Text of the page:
Wider Horizons

Sparks still (and will always) fly in the welding program at Lethbridge College.welder

But sometimes students get stuck and need to practice one particular technique – maintaining an even pressure or the correct angle, for example. When that happens, their instructors can now send them to the classroom that is home to a “virtual welder,” where they can put in the time needed practicing one particular technique, getting experience and feedback as they go.

“Our virtual welder simulates the real welding experience and requires real welding procedures – the sounds, the lights, the sparks,” says Dave Heins (Agriculture Mechanics ‘92), an instructor in the welding apprentice program. “Your body will learn after you’ve practiced enough. You can look at the weld and the wire and get a very accurate sense of your work.” The goal, welding instructors say, is to have the students learn to react exactly the same way each time. The virtual welder – which cost a bit more than $50,000 – allows the college to save in “consumables” as well as improve safety for novices. It’s available to any student who wants or needs the extra help, says Heins.

While virtual welding is not currently a part of the Alberta curriculum, Heins says Lethbridge College’s program, where 132 students were enrolled from January to June, has developed its own curriculum and will be incorporating virtual welding into different courses in the future. Lethbridge College, SAIT and Northern Lakes College are the only postsecondary institutions in Alberta to provide such a teaching tool.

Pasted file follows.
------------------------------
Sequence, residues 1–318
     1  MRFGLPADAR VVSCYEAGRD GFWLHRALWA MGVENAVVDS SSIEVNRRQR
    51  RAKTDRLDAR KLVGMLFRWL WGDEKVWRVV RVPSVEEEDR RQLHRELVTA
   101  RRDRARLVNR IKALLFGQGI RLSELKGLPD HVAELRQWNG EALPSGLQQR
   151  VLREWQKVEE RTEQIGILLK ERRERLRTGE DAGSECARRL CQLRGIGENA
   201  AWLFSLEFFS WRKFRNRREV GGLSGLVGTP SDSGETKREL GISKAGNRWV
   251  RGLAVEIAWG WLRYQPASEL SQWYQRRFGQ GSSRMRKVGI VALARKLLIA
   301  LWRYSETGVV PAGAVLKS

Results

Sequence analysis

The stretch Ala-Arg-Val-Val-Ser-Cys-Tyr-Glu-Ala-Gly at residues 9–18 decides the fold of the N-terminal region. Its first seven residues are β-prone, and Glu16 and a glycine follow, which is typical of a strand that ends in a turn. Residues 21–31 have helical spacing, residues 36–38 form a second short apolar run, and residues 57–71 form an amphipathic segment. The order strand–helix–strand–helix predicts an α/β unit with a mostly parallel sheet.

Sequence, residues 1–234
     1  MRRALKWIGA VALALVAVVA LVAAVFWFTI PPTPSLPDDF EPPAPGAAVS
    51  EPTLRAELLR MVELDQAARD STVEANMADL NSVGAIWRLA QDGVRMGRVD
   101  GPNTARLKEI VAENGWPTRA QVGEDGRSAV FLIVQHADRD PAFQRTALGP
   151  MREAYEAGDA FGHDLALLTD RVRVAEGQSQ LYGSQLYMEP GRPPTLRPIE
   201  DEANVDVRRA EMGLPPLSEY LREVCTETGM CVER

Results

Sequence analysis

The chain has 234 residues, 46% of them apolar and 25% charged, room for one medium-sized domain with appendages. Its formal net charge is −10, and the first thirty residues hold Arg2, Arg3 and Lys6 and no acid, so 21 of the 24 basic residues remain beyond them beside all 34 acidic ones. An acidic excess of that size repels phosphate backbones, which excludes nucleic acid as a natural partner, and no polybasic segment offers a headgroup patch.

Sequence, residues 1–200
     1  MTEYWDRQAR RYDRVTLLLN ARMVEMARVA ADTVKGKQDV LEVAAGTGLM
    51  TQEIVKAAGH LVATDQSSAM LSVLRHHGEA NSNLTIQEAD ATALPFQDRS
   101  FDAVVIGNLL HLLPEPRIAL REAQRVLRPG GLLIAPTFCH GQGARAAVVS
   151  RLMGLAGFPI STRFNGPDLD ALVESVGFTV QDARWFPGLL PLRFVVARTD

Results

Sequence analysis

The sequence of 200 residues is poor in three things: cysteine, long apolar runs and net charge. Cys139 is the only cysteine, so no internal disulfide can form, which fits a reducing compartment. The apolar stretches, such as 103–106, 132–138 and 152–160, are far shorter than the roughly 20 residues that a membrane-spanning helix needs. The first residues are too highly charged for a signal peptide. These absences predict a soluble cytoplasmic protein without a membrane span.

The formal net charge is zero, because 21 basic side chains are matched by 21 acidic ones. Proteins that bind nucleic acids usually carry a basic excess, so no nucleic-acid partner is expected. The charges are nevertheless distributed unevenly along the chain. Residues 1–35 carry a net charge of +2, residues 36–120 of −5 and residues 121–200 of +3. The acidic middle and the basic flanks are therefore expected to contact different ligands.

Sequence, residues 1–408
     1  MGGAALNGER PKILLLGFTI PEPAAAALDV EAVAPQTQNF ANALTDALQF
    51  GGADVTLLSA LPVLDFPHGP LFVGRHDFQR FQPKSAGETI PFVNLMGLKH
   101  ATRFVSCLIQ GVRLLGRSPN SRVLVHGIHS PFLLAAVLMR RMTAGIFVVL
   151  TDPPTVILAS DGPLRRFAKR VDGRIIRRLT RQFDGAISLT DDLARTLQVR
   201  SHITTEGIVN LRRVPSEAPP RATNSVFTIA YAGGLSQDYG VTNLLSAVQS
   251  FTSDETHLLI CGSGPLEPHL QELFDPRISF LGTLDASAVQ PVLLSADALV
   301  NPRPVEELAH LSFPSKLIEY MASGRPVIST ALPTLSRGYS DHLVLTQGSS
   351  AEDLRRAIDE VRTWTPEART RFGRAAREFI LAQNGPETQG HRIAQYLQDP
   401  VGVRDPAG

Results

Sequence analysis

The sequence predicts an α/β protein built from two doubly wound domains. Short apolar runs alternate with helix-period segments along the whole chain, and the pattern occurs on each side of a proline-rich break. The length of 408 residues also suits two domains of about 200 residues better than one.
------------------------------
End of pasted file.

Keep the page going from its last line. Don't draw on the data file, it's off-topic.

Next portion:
Alberta Premier Alison Redford got to try her hand at the new Lincoln Electric welder when she and other government officials were on campus in early June. The program simulates working on the top of a skyscraper, with blue skies, sparks, splatters, fizz, buzz and even a bit of vertigo when you look over the edge.

Soon enough, and with enough practice, students and graduates will find themselves working on real projects. When that happens, the molten metal and the wonderful lights and sounds that come with it are very much the real thing.

Lethbridge College offers several apprenticeship training programs that consist of a mixture of on-the-job work and technical experience. Students spend about 80 per cent of their time learning from qualified tradespeople and the rest in specialized courses. To book a tour of the welding classrooms, call 403.320.3366, and to learn more about apprenticeship programs, call 1-800-572-0103 ext. 3322.

Wider Horizons
Lethbridge College
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